In our third fund we have started to make some “proof of concept” investments, in the form of convertible loans of less than 500 K€, that will eventually be converted and complemented with more funds in a series-A round. In total, we could invest up to six or seven million in a single company.

Yes.

In fact, we have co-invested several times with other funds (both national and international) and business angels.

However, we always want to be the lead investor, devoting enough time to study the project.

No.

We believe the founders should be fully motivated and lead their projects during the first development stages and, if possible, beyond. Moreover, keeping control of their companies from both the corporate and operational point of view is not compatible with an investor having majority stakes from the beginning.

No.

We only do capital increases taking minority stakes.

Not necessarily.

Lack of commercial traction and/or profits is not a deal breaker for us.

In fact, if the company has already strong sales, is internationalized, or profitable it may be too mature for us, as we are an early stage investor.

We ideally enter when there is a tangible prototype or proof of concept that proves the technology is feasible, but it is still relatively immature to be called a “commercial version” of the product.

If the company has started to sell or do “trials” or “pilots” with some customers it might be a plus, but not a requirement for us.

For our typical series-A, our due diligence is relatively long as we devote several months to studying the project so that we understand it to the full. From our experience the whole process usually lasts around 10 months, without taking into consideration that there may be vacations in between and potential delays, and in this case, it could take some more time to completely close the round.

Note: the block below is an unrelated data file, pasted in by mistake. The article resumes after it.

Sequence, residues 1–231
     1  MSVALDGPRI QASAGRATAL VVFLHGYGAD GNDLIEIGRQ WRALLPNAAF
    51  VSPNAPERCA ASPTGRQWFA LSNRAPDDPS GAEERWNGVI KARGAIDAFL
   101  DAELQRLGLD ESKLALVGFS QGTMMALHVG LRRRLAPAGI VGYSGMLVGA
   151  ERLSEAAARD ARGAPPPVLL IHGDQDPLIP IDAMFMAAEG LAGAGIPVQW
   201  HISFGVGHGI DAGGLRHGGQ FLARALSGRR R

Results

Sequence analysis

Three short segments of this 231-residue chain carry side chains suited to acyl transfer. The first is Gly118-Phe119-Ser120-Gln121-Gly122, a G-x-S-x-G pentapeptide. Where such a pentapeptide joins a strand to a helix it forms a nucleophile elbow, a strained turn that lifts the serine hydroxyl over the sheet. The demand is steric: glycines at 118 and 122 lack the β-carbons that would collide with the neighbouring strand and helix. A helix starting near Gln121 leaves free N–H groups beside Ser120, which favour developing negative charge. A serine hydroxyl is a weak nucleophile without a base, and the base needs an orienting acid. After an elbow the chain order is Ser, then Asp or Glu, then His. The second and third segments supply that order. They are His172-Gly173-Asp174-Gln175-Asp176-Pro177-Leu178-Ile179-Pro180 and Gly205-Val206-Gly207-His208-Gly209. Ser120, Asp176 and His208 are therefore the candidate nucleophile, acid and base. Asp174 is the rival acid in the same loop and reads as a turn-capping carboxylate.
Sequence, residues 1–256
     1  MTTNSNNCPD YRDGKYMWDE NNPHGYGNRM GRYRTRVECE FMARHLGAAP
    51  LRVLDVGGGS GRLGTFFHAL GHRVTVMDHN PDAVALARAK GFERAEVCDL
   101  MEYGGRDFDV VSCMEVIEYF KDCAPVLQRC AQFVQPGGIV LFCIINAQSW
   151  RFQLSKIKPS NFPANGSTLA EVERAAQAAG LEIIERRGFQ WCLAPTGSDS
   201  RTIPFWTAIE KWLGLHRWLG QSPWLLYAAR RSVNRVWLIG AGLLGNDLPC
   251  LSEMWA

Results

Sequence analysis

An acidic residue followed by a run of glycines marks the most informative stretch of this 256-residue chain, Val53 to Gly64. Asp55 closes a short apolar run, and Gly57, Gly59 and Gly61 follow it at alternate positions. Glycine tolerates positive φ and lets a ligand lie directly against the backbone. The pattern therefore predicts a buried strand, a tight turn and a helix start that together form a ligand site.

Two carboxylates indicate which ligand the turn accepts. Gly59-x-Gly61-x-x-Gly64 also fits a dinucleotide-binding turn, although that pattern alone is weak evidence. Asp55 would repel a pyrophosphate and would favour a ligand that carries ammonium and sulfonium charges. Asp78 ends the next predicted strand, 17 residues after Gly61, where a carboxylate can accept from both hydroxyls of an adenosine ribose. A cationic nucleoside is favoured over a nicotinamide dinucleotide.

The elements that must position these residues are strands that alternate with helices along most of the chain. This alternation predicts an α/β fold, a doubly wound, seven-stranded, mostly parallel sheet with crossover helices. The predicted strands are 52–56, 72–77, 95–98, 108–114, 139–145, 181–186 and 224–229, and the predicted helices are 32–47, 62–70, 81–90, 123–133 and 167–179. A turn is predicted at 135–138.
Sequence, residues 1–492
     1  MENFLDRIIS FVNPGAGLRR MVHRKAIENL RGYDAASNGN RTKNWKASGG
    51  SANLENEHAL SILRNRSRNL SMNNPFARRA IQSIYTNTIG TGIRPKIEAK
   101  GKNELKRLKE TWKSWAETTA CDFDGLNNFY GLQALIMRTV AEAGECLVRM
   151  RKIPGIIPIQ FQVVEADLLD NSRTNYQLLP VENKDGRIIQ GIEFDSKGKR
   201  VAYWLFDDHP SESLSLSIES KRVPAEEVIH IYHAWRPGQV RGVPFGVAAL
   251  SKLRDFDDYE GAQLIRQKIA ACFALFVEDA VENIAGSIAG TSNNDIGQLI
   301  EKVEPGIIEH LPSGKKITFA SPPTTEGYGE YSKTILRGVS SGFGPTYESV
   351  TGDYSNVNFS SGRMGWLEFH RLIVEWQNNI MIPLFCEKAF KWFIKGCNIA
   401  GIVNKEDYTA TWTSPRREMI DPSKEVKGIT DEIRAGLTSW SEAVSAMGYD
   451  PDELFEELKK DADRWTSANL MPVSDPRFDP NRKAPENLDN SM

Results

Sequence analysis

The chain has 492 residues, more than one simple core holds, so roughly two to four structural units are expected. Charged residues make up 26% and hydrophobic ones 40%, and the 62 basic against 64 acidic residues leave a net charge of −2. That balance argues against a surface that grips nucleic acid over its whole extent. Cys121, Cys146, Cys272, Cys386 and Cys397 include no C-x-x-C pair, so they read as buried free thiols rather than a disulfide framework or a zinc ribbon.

For a convertible loan of less than 500 K€ (our “fast track”), our aim is to be able to close the deal in about four months.

Once we decide to move forward with a project and enter into a due diligence process, we like to approach it “as if we were already partners”.

We try to add value to the project right from the very beginning, providing feedback to the entrepreneurs on the weak points or areas of improvement that we may see, and introducing them to people who could provide valuable feedback (experts in their field).

Our approach resembles a consultancy service “for free”, as we do that regardless of the outcome (the deal may not be closed in the end).

We follow a “hands on” approach to the management of our portfolio, going beyond the “formal” communication channels (board and shareholders meetings).

The relationship we try to establish includes frequent meetings, conference calls, and exchange of information with the management team, with the intention of being helpful (not a burden).

This support is particularly critical (and highly appreciated by the entrepreneurs) during the first stages of the development of the company.